What do I do if I am pulled over by police?

By Deborah Ann Frederick, Attorney

Fear strikes your heart as you notice the red and blue lights in your rearview mirror or worse, suddenly hear the police siren behind you. As you pull over many things might cross your mind, including, “What did I do wrong?” or “I’m getting caught!” There are some basic things you can do to make this process easier or prevent it altogether.

First, the best preventive measure to being pulled over by police is to make sure your vehicle is in proper working order, specifically, make sure all your lights and blinkers are working. Once a month, have a friend or loved one stand first in front of your car and then behind it while you go through testing all your lights and blinkers.

Sometimes a non-working taillight is the only reason the officer has to pull you over. You can prevent this ticket, or worse, receiving a criminal charge if the officer notices something else is wrong once he or she is speaking with you.
Like what? Well, say you had a strong drink at dinner in a restaurant. You are, hypothetically, only at a .06 and you are driving perfectly. But your taillight is out. You are pulled over for the taillight but when you speak with the officer he notices your breath smells like alcohol and your eyes are a little bloodshot.

The next thing you know, you may be on the side of the road doing field sobriety tests and blowing into the handheld breathalyzer (both actions of which are voluntary in this state which means you may politely refuse to give this evidence to the officer). If there is evidence that your driving wasn’t perfect, or you are affected by what you consumed, even if the case eventually gets dismissed, you may be subject to arrest and charged with DUI. And who wants that stress?

Second, know the rules of the road. And follow those rules. Use your blinker every time. Come to a complete stop every time. If you need a review, contact the Department of Licensing or check out the Washington State Patrol website athttp://www.wsp.wa.gov/traveler/roadrules.htm to read the actual laws.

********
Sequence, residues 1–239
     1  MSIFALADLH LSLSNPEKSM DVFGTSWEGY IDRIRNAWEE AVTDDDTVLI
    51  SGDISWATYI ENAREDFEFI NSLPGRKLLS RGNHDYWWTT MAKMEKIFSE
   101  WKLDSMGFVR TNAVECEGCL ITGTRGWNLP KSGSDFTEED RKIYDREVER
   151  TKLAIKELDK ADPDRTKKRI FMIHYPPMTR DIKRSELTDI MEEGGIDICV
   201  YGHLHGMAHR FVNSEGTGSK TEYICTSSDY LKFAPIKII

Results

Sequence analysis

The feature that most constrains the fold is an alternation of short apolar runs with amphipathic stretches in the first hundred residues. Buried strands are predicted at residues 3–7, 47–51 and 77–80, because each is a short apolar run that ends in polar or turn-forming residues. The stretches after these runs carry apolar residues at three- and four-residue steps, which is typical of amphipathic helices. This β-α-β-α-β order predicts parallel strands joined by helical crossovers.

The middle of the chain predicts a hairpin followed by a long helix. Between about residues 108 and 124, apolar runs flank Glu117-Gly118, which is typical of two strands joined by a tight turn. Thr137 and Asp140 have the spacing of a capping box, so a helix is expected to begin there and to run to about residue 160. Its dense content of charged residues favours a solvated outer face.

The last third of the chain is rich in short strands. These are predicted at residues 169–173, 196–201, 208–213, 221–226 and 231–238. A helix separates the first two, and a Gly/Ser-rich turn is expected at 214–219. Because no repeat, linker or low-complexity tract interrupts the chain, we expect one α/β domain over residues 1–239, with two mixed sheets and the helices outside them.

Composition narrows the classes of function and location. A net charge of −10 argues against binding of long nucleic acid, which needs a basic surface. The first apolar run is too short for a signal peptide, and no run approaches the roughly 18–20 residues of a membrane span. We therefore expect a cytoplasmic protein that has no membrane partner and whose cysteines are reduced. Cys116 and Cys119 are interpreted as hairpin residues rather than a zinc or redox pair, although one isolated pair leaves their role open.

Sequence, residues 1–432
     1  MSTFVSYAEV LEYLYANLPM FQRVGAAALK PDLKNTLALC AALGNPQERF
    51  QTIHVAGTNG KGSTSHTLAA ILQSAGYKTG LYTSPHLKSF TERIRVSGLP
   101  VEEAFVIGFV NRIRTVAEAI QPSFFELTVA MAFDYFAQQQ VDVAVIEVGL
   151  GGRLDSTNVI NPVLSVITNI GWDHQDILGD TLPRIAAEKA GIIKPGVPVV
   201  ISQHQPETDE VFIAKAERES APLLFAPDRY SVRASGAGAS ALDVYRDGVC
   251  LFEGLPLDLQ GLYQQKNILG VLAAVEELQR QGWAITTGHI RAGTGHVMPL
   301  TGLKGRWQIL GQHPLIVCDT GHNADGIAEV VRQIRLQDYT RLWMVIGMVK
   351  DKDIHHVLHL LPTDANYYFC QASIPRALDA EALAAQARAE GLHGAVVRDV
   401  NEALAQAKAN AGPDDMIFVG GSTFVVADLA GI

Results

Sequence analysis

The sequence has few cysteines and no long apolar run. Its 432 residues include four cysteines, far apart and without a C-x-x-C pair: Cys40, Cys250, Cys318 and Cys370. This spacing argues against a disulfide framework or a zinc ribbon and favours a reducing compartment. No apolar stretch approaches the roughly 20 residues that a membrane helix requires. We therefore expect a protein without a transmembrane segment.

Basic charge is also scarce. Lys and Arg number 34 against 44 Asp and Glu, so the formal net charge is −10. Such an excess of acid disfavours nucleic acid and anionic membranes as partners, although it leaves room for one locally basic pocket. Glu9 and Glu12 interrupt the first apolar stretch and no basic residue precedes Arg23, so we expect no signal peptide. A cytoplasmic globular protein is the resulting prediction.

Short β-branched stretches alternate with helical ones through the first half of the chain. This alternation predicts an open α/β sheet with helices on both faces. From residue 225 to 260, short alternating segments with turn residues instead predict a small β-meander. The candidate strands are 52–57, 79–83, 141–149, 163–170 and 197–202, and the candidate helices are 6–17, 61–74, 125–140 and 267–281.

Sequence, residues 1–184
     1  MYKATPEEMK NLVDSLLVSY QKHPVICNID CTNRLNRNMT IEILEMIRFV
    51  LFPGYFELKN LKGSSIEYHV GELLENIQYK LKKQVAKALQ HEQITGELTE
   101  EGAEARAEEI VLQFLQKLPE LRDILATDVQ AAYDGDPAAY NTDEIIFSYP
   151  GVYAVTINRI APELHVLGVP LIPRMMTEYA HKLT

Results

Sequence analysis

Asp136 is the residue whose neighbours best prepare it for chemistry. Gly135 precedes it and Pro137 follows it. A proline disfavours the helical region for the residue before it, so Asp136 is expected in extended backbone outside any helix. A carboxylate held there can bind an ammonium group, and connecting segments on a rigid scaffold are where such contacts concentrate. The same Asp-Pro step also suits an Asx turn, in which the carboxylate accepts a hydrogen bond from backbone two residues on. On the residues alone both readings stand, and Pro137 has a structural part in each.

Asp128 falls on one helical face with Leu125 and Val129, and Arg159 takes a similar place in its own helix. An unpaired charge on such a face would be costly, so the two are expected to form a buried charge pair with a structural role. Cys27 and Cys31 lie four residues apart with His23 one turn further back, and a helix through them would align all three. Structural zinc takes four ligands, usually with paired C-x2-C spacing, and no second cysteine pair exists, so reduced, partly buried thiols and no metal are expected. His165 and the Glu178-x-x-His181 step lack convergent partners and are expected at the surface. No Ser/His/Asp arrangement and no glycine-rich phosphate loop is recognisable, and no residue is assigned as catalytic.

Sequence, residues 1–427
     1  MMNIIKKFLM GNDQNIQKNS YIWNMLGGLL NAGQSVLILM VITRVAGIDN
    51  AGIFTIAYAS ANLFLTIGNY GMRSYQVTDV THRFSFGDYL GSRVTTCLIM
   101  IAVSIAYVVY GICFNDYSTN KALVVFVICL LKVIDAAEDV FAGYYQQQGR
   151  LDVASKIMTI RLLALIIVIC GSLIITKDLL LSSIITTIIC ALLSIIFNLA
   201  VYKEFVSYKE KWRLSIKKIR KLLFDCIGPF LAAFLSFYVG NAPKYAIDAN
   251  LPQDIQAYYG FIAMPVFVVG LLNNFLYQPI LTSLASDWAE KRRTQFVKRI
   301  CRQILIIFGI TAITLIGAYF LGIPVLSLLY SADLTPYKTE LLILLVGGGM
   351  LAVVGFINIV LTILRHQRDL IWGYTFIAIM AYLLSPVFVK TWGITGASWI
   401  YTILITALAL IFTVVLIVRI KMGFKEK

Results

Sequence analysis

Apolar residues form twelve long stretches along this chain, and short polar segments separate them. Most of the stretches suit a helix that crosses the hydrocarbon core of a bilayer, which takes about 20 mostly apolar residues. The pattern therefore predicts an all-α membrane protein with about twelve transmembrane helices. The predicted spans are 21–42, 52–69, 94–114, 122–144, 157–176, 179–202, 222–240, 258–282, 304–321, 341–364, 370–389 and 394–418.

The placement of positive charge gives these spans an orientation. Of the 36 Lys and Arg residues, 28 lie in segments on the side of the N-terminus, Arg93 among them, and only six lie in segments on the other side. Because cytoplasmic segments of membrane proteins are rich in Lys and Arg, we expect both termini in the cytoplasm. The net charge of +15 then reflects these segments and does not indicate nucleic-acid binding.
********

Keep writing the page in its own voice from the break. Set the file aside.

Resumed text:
You might think that if you fail to stop you are only going to receive a ticket, but if the officer has evidence you were driving in willful or wanton disregard for the safety of persons or property, you may be facing a misdemeanor called “Reckless Driving”. Can you afford a criminal record?

Third, don’t forget to carry your license with you. Being pulled over for a non-working taillight can turn into a very expensive ticket called “NVOL” (No Valid Operator’s License) or having to come to court with proof you have a valid license if you forget.

Fourth, perhaps it’s never a bad idea to carry the name and phone number of a criminal defense attorney in your wallet. Many answer their cell phones 24/7 to help a potential client who is having police contact or is under arrest. This way, if you ask for an attorney, when the officer says, “Sure, here’s the phone,” you actually have someone to call. Of course, you can always ask that the officer contact the local public defender for you.

This article is by no means comprehensive, and of course I am not endorsing drunken driving or driving poorly, but the above are just a few things to think about if you’ve ever noticed lights in your rear-view mirror or fear it.

Deborah Frederick is a local attorney and can be reached via email at fredericklawfirm@msn.com

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